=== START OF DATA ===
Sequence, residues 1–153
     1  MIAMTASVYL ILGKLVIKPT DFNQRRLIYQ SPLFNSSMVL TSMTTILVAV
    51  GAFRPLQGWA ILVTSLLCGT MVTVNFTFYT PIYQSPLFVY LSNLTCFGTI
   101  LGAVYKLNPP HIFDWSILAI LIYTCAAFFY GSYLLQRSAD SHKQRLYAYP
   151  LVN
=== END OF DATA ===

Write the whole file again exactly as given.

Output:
Sequence, residues 1–153
     1  MIAMTASVYL ILGKLVIKPT DFNQRRLIYQ SPLFNSSMVL TSMTTILVAV
    51  GAFRPLQGWA ILVTSLLCGT MVTVNFTFYT PIYQSPLFVY LSNLTCFGTI
   101  LGAVYKLNPP HIFDWSILAI LIYTCAAFFY GSYLLQRSAD SHKQRLYAYP
   151  LVN